Subjects -> ESTATE, HOUSING AND URBAN PLANNING (Total: 304 journals)
    - CLEANING AND DYEING (1 journals)
    - ESTATE, HOUSING AND URBAN PLANNING (237 journals)
    - FIRE PREVENTION (13 journals)
    - HEATING, PLUMBING AND REFRIGERATION (6 journals)
    - HOME ECONOMICS (9 journals)
    - INTERIOR DESIGN AND DECORATION (21 journals)
    - REAL ESTATE (17 journals)

INTERIOR DESIGN AND DECORATION (21 journals)

Showing 1 - 20 of 20 Journals sorted alphabetically
Architectural Design     Hybrid Journal   (Followers: 33)
Artifact : Journal of Design Practice     Open Access   (Followers: 8)
City: analysis of urban trends, culture, theory, policy, action     Hybrid Journal   (Followers: 28)
CoDesign: International Journal of CoCreation in Design and the Arts     Hybrid Journal   (Followers: 16)
Design Issues     Hybrid Journal   (Followers: 34)
Indoor and Built Environment     Hybrid Journal   (Followers: 4)
Interiors : Design, Architecture and Culture     Hybrid Journal   (Followers: 22)
International Journal of Human Factors and Ergonomics     Hybrid Journal   (Followers: 21)
International Journal of Sustainable Design     Hybrid Journal   (Followers: 8)
International Journal on Interactive Design and Manufacturing (IJIDeM)     Hybrid Journal   (Followers: 3)
Journal of Building Survey, Appraisal & Valuation     Full-text available via subscription   (Followers: 4)
Journal of Computer-Aided Molecular Design     Hybrid Journal   (Followers: 6)
Journal of Design History     Hybrid Journal   (Followers: 21)
Journal of Design, Business & Society     Hybrid Journal   (Followers: 1)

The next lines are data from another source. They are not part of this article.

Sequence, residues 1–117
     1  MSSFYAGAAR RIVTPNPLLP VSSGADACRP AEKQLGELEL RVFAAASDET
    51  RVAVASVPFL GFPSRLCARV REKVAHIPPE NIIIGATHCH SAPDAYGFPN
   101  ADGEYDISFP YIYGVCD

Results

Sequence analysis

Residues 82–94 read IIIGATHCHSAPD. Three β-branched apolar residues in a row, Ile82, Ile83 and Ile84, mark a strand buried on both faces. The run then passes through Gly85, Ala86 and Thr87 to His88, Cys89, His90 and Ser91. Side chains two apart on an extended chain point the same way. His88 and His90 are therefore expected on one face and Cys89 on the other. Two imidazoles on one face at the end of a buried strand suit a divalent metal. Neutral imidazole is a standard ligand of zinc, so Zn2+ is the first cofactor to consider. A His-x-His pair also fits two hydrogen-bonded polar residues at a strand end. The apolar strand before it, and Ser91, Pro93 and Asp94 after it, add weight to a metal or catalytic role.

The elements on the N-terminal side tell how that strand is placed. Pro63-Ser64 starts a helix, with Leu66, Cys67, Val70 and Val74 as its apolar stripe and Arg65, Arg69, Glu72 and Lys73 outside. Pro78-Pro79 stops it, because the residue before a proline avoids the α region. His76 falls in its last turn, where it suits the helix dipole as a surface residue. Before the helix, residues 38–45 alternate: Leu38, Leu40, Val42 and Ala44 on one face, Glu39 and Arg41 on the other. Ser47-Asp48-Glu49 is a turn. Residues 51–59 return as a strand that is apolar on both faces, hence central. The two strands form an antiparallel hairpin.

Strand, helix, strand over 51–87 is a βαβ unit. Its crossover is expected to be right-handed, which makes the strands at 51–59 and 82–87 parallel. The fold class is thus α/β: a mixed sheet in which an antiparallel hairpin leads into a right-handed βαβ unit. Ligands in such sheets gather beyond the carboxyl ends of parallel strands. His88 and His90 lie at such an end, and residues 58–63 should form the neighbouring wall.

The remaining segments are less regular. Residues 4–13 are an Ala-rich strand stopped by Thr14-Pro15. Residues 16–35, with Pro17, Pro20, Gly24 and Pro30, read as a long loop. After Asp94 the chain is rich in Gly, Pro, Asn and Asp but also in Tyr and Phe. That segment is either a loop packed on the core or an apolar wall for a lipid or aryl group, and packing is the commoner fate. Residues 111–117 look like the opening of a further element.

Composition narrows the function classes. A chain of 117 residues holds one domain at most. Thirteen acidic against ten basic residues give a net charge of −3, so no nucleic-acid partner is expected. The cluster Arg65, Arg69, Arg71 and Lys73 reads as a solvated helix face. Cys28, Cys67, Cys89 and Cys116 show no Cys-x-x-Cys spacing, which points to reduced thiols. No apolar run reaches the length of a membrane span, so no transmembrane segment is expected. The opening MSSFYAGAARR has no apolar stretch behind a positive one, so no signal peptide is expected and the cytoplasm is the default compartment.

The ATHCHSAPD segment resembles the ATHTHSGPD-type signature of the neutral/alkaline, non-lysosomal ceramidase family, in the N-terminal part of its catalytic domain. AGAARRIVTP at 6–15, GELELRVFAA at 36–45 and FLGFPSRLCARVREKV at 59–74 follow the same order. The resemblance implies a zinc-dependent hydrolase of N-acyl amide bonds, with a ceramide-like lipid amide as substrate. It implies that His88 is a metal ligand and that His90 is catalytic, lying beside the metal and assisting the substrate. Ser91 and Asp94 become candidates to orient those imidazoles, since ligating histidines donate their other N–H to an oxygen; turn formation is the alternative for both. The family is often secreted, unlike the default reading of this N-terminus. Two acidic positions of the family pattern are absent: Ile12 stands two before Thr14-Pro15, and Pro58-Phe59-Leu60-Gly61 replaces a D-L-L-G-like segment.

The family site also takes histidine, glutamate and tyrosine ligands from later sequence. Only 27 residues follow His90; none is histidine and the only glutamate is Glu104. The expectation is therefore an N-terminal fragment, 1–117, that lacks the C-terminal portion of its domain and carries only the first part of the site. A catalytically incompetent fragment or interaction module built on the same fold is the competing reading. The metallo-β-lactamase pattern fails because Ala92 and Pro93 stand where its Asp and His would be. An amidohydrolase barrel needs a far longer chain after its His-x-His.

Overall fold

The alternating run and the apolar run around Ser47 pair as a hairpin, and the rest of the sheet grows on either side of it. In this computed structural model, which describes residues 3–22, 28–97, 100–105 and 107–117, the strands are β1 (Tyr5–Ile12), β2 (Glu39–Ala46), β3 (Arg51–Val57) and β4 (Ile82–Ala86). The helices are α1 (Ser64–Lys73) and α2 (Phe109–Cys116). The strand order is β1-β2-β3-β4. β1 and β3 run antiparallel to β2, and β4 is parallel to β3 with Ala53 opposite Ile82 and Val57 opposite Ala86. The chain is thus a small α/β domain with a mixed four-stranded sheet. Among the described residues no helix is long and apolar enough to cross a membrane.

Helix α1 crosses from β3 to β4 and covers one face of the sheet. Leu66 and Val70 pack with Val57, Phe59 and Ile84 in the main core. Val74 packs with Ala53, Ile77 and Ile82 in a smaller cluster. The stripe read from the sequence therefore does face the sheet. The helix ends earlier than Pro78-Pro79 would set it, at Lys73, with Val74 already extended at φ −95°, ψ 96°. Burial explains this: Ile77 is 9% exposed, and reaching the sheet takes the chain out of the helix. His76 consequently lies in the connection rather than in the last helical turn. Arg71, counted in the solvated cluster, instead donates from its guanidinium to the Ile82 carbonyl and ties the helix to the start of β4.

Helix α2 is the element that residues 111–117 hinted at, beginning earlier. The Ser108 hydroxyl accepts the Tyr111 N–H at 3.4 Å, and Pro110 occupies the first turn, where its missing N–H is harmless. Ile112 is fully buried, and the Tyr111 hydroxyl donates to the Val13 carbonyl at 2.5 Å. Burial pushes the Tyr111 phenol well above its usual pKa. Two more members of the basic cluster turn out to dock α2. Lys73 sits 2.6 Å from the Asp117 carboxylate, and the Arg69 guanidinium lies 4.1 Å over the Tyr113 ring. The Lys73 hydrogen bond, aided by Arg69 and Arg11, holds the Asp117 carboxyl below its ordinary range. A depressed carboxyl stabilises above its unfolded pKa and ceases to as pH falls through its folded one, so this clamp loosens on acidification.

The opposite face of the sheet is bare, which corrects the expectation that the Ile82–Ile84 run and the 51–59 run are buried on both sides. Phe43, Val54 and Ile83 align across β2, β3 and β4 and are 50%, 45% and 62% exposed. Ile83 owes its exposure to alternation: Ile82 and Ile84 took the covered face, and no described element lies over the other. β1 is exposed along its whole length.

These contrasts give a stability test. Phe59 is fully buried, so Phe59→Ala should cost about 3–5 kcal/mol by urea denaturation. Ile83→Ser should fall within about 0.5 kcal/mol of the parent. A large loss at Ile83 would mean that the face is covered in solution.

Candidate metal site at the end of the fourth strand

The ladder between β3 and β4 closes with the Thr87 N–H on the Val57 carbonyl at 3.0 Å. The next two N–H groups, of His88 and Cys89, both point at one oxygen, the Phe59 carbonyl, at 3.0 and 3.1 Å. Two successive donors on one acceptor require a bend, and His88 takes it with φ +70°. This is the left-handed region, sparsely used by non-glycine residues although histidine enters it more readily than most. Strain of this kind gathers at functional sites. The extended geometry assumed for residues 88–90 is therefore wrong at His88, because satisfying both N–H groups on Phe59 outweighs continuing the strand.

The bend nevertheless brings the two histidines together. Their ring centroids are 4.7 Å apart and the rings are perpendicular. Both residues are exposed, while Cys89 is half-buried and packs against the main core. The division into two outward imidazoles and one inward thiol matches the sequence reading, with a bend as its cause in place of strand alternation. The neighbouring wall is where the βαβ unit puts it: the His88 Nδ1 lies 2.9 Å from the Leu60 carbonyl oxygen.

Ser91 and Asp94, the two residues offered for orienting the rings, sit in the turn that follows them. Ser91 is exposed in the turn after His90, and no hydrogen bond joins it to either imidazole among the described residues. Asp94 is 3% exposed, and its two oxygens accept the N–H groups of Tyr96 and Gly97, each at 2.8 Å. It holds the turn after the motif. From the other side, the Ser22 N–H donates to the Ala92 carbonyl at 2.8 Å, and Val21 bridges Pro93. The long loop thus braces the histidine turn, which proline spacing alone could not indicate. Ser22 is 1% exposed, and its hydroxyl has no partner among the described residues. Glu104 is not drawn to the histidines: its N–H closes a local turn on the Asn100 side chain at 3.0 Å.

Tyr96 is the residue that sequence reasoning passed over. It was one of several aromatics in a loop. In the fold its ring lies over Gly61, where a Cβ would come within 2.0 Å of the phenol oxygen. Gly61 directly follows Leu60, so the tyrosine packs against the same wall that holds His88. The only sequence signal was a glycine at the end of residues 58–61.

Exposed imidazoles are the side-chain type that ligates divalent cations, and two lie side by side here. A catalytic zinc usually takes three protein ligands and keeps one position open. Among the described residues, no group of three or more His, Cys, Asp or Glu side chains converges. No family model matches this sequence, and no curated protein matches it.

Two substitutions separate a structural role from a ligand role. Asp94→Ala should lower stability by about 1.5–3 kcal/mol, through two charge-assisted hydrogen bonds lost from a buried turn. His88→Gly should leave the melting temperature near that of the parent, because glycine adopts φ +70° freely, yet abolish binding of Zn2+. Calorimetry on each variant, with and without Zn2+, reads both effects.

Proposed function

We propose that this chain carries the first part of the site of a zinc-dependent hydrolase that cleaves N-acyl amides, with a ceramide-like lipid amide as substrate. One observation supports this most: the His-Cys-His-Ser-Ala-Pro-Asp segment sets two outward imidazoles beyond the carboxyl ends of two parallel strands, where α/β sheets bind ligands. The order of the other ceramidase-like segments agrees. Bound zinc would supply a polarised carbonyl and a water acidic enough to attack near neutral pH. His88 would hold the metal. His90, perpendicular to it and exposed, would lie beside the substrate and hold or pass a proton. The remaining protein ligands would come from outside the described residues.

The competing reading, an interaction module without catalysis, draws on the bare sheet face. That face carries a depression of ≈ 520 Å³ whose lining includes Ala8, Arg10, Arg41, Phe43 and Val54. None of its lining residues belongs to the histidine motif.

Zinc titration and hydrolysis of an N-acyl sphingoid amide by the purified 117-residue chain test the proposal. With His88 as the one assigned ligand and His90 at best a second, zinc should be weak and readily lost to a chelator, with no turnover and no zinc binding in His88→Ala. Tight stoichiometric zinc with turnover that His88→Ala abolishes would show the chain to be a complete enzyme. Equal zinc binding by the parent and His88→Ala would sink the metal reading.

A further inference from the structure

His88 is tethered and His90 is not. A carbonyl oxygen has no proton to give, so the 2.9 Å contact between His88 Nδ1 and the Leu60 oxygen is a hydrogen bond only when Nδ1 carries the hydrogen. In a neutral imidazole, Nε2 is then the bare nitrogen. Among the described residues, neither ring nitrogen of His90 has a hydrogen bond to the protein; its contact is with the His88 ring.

Journal of Facade Design and Engineering     Open Access   (Followers: 2)
Journal of Interior Design     Hybrid Journal   (Followers: 6)
Journal of Urban Design     Hybrid Journal   (Followers: 23)
Res Mobilis : Revista internacional de investigación en mobiliario y objetos decorativos     Open Access  
Reviews of Human Factors and Ergonomics     Hybrid Journal   (Followers: 18)
Zentralblatt für Arbeitsmedizin, Arbeitsschutz und Ergonomie. Mit Beiträgen aus Umweltmedizin und Sozialmedizin     Full-text available via subscription   (Followers: 1)
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Journal of Computer-Aided Molecular Design
Journal Prestige (SJR): 0.941
Citation Impact (citeScore): 3
Number of Followers: 6  
 
  Hybrid Journal Hybrid journal (It can contain Open Access articles)
ISSN (Print) 1573-4951 - ISSN (Online) 0920-654X
Published by Springer-Verlag Homepage  [2467 journals]
  • Identification of potential inhibitors of Mycobacterium tuberculosis
           shikimate kinase: molecular docking, in silico toxicity and in vitro
           experiments

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      Abstract: Abstract Tuberculosis (TB) is one of the main causes of death from a single pathological agent, Mycobacterium tuberculosis (Mtb). In addition, the emergence of drug-resistant TB strains has exacerbated even further the treatment outcome of TB patients. It is thus needed the search for new therapeutic strategies to improve the current treatment and to circumvent the resistance mechanisms of Mtb. The shikimate kinase (SK) is the fifth enzyme of the shikimate pathway, which is essential for the survival of Mtb. The shikimate pathway is absent in humans, thereby indicating SK as an attractive target for the development of anti-TB drugs. In this work, a combination of in silico and in vitro techniques was used to identify potential inhibitors for SK from Mtb (MtSK). All compounds of our in-house database (Centro de Pesquisas em Biologia Molecular e Funcional, CPBMF) were submitted to in silico toxicity analysis to evaluate the risk of hepatotoxicity. Docking experiments were performed to identify the potential inhibitors of MtSK according to the predicted binding energy. In vitro inhibitory activity of MtSK-catalyzed chemical reaction at a single compound concentration was assessed. Minimum inhibitory concentration values for in vitro growth of pan-sensitive Mtb H37Rv strain were also determined. The mixed approach implemented in this work was able to identify five compounds that inhibit both MtSK and the in vitro growth of Mtb.
      PubDate: 2022-12-22
       
  • A combined ligand and target-based virtual screening strategy to repurpose
           drugs as putrescine uptake inhibitors with trypanocidal activity